It was also a period of numerous tensions between students and the university irself. Godfrey touches upon what students saw as a “very strong threat” of then-vice-chancellor Jack Butterworth’s eye to run the university like a business. “The decisions being made were being made in order to make Warwick commercially viable and that wasn’t at all where the whole culture of students or the culture of the world was at that point.”
Aside from that, students were also fighting a lengthy campaign to have a permanent building in which to house the SU, an idea Butterworth vehemently opposed, to the point where he claimed that “the Students’ Union will never have its own building.” That claim didn’t prove to translate into reality, however. The campaign was eventually won and the Students’ Union building opened in 1975.
Godfrey says that Kasper had more interaction with these campaigns than he did, but in his time at The Boar, he voiced opinions relating to student politics in his own way. He became a noted columnist for the newspaper and regularly published poems under the pseudonym G. Thomas Utcocks, an anagram of ‘Shattock [the university’s academic registrar at the time] must go’. It was a microcosm of virtually everything Kasper says The Boar was at the time : “It was funny and it was witty and there was a load of nonsense in it, but it was also quite propagandist and quite political at the same time.”
The content of the paper, the three of us note, has changed considerably since The Boar’s early days. “Almost everything we wrote was about Warwick,” Godfrey points out, whereas nowadays the content relates more to general interest beyond the confines of campus. There were also only four sections compared to the fifteen in The Boar today – News, Art and Culture, Features and Sport.
I am conducting this interview, first and foremost, for a package that will be broadcast as part of RAW’s fiftieth anniversary celebrations in October. It seems only fitting to ask, in that case, to ask: was there a rivalry with the radio station (then going by the name URW) as far back as the seventies?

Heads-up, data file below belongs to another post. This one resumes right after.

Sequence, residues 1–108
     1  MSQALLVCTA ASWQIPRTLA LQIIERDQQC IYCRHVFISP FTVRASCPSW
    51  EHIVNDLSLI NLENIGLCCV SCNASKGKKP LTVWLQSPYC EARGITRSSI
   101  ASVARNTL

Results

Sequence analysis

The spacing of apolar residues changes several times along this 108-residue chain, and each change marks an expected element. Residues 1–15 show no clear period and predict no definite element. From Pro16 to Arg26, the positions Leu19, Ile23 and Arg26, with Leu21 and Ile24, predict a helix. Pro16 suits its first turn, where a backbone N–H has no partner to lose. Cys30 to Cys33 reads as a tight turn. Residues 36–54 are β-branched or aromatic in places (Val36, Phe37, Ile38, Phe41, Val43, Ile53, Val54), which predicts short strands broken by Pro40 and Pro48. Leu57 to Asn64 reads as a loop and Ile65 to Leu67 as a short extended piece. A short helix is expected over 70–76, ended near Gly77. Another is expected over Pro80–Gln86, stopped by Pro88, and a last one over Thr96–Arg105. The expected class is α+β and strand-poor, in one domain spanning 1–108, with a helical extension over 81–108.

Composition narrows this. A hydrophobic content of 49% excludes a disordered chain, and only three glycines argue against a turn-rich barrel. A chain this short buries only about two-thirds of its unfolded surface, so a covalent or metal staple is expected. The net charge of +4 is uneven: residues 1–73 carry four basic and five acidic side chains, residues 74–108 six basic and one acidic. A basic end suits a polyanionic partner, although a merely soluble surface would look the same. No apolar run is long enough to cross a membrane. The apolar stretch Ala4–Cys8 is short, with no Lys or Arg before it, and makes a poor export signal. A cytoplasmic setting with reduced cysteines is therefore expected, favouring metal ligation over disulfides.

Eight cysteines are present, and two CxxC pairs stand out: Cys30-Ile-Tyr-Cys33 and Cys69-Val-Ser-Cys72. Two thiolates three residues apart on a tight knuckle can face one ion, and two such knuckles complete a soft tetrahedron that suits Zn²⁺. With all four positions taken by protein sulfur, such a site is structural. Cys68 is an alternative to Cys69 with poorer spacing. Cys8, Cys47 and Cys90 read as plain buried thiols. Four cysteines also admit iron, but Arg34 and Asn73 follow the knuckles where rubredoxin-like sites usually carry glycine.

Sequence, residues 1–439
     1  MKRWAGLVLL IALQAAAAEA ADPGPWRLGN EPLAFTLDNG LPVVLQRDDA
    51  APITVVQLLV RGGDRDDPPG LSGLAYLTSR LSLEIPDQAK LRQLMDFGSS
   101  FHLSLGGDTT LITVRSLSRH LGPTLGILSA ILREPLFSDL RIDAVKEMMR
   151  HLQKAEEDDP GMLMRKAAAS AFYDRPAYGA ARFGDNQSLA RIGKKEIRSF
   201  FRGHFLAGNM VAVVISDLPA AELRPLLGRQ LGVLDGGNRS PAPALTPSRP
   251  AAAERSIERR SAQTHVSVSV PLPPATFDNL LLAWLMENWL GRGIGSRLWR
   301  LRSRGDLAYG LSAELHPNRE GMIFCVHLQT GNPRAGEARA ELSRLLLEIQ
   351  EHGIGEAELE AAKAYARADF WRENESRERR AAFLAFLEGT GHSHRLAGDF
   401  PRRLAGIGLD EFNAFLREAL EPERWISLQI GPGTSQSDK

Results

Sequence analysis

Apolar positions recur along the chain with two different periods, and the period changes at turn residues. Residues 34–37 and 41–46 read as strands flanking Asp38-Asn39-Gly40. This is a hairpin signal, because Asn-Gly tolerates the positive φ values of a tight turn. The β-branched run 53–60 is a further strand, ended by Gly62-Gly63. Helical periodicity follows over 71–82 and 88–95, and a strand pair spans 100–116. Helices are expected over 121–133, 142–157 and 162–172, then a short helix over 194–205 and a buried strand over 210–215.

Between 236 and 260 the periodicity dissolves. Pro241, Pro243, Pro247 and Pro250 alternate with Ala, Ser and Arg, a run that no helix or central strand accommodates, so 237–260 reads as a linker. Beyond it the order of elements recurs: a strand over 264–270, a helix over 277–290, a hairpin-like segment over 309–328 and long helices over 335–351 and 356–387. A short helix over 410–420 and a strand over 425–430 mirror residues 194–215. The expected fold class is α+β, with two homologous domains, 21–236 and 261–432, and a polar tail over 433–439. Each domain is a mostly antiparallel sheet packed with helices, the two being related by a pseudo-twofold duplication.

“Not really, I’m afraid,” Godfrey answers. “Relations were quite amicable. [The members of URW] lived in their world and we lived in our world.”
Geography might explain why this was: unlike in the present, The Boar and the radio station weren’t based in the same building, just down the corridor from each other. “URW was [back] then in a little wooden hut down where Whitefields is now. It had that sense of being a little bit of an oddity, being a bit isolated.”
To wrap up, I ask Godfrey and Kasper what being part of The Boar did for them. For Godfrey, The Boar was and remains “a great way to play at stuff you wanted to do for real without any consequences.” Both emphasise the opportunities it presented them, not only to connect with likeminded people and form relationships, but to inform them on what they wanted to do with their lives. Indeed, Godfrey reveals that he wouldn’t have had the working life he had if he hadn’t been involved with The Boar: it launched him into music journalism, where he worked for trade paper Music Week and later worked for The Official Charts Company. He also got Kasper into the industry, helping him get to London to work for music publication Smash Hits.
“We didn’t know [The Boar] was to be an institution that would last for nearly fifty years,” says Kasper. “How long it would last or whether it would last didn’t really occur to me, but that wasn’t really what it was about. The Boar for us was a moment in time. Still, it is great to see that it is still there.”
We didn’t know [The Boar] was to be an institution that would last for nearly fifty years
– Kasper de Graaf
For everything that has changed and shifted in the newspaper’s life span, some things never change. The rich opportunities on offer and the talent it showcases has always been there, and will continue for decades to come. Long live The Boar indeed.